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Archbishop talks of suffering during sermon at St George's Cathedral in Jerusalem

Posted on: May 8, 2017 11:02 AM
Photo Credit: LamPal

Peter 2:19-end; Acts 2:42-end; John 1:1-10

The experience of the church in this region has been of a suffering church for centuries. Sometimes life has been better, sometimes it is less bad. But the nature of suffering is that when it is happening it is all consuming. Every part of life is dominated by it. That is true whether you are a Christian or not, but in this region in addition to the suffering of war, conflict and the tragedies of death and injustice Christians especially are experiencing persecution, are especially threatened.

We have heard three bible passages, one about injustice and suffering, one about a community that in the midst of terrible times lived as the true body of Christ, experienced overflowing and abundant life, and the works of Jesus promising abundant life and salvation.

If you had asked Jesus' followers or hearers at the time of these words what he meant I suspect they would have answered much as we would or anyone around the world would today. Think about it for a moment, ask yourself, "what are the words and pictures that come into my mind when I hear the words 'abundant life'?"

For most people it is something about community, about stability and security, adequate food, no fear of the most basic necessities of life being missing. Perhaps one might add, "a good life lived so that at its end I know that I have had a purpose to life".

It's the picture we see in the Acts. Needs met, including spiritual. The apostles teach the truth, the people pray together. There is genuine friendship and companionship, people do not feel lonely and isolated. There is a profound sense of purpose, and the Holy Spirit of God is visibly at work.

Remember the context: they lived under a hostile government in a world of war. Their own leader had been murdered barely weeks earlier. Yet there is abundant life. The life of Christ changes everything, every aspect of our lives. It is not only in the areas of prayer and worship, not for the internal life of the church only.

As the passage says and Acts goes on to show in the next chapters it is a life that overflows into the community, to the poor and oppressed, and challenges the rich and the powerful and the unjust. It is more than words, it is abundant life.

Roll on a few years, perhaps 30, and Peter is writing about suffering to the churches of south west Turkey. They have been surprised by persecution, shocked by the scale of injustice. They live in a divided society, where perhaps 30% were slaves, including members of the church. Peter carefully links what he writes to them to the longest and most profound theme of the entire scriptures, that of the Shepherd.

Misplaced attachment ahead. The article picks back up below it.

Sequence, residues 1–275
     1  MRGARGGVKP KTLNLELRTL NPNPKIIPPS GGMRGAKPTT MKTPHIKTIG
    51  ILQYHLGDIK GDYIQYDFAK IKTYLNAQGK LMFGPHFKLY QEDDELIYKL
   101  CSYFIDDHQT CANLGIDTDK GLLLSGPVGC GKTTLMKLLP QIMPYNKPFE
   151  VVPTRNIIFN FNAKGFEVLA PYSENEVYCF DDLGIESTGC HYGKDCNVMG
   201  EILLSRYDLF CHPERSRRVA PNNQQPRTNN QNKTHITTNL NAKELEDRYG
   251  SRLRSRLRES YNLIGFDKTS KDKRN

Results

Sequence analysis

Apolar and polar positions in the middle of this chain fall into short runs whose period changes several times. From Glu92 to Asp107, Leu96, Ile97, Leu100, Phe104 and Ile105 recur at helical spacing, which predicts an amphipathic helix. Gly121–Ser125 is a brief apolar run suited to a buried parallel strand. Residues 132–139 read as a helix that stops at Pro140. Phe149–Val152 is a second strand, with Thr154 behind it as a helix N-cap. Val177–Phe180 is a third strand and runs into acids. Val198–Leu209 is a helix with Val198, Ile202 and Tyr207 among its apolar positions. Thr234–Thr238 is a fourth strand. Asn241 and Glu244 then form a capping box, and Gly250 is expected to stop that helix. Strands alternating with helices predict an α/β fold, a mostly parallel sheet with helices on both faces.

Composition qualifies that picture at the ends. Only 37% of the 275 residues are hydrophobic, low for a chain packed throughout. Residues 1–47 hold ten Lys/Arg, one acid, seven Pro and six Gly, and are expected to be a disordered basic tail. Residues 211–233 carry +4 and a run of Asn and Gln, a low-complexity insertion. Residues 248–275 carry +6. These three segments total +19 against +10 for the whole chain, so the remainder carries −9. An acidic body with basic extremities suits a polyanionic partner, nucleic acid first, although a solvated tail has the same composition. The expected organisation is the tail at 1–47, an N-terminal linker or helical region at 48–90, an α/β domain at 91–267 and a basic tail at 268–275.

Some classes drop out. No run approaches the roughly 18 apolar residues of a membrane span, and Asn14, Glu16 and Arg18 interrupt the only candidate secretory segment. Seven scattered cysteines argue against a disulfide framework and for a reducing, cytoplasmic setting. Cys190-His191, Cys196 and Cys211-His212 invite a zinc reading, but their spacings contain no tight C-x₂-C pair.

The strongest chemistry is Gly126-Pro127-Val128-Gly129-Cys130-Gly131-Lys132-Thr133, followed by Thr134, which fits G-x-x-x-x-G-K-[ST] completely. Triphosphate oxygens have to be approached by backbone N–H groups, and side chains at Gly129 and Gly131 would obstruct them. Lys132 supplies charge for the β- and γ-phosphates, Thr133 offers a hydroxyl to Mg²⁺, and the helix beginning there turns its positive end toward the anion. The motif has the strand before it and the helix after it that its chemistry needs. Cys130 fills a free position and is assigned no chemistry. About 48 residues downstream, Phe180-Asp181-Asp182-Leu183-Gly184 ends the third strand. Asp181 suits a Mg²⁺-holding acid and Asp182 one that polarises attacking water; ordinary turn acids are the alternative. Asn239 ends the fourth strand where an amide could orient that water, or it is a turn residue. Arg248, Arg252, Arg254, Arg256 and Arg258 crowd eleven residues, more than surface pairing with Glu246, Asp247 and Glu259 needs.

The words he uses will lead us straight back to Jesus in John 10, our gospel reading. More than that they will have brought to mind all sorts of powerful images of suffering and salvation, of God's love experienced, and of the struggle to stay faithful, which run right through the scriptures.

What a hard saying this is! You know the fury of being treated wrongly. Even on a brief visit here, with very little understanding of probably the most complicated region of conflicts in the world, one sees the passions raised by suffering and injustice. Whether it is the utterly disrupted lives of the refugees in Zatari refugee camp last week, or the tears of the Iraqi Christians seemingly forgotten, one sees endless heartbreak.

 In Gaza there is heroism from the doctors at the hospitals, from patients and above all groups of women, but also the very looming fears. In Nazareth, across Galilee you hear the voices of anger, or of fear and insecurity, of division and of the impact of almost a century of struggle of conflict, impacts that affect every inhabitant of the region, all of who tell their stories of fear, of struggle.

We must not take Peter's words out of context. We see in many places in the New Testament that the church resists injustice yet abundant life can never be built adequately except on the foundation of Christ. He is our shepherd, and sheep to be safe must follow the shepherd, or we will come to nothing and our desires, and even our good aims will crumble.

So the life of prayer, of reflection on scripture, separately and together, is essential. Abundant life is built on Jesus Christ as branches are part of the trunk of the tree. They cannot exist separately.

Abundant life is possible because Christ is risen. That is why this reading comes in Easter. The disciples who heard Jesus were surrounded by terror, hunger and hardship. His words are a declaration of the impact of his life, death and resurrection. These are the decisive words of God, of the shepherd who leads through the valley fo the shadow of death to pools of still water, of the shepherd who is good, who does not consume the flock, but grows and unites it.

The church carries within it the possibility of abundant life, and when the church roots itself in Jesus Christ and in obedience to Him then the abundant life spills out for the healing of the nations. Here in this region is a deep need for healing, for hope for righteousness of life, and for human dignity in security and without fear. The presence of Christians here both needs that abundant life if the church is to remain, but also is essential to the life and hope of this whole area. We pray for you, grieve for you, hope with you, and will seek in the best ways we can, to support you that we share the abundant life of Christ.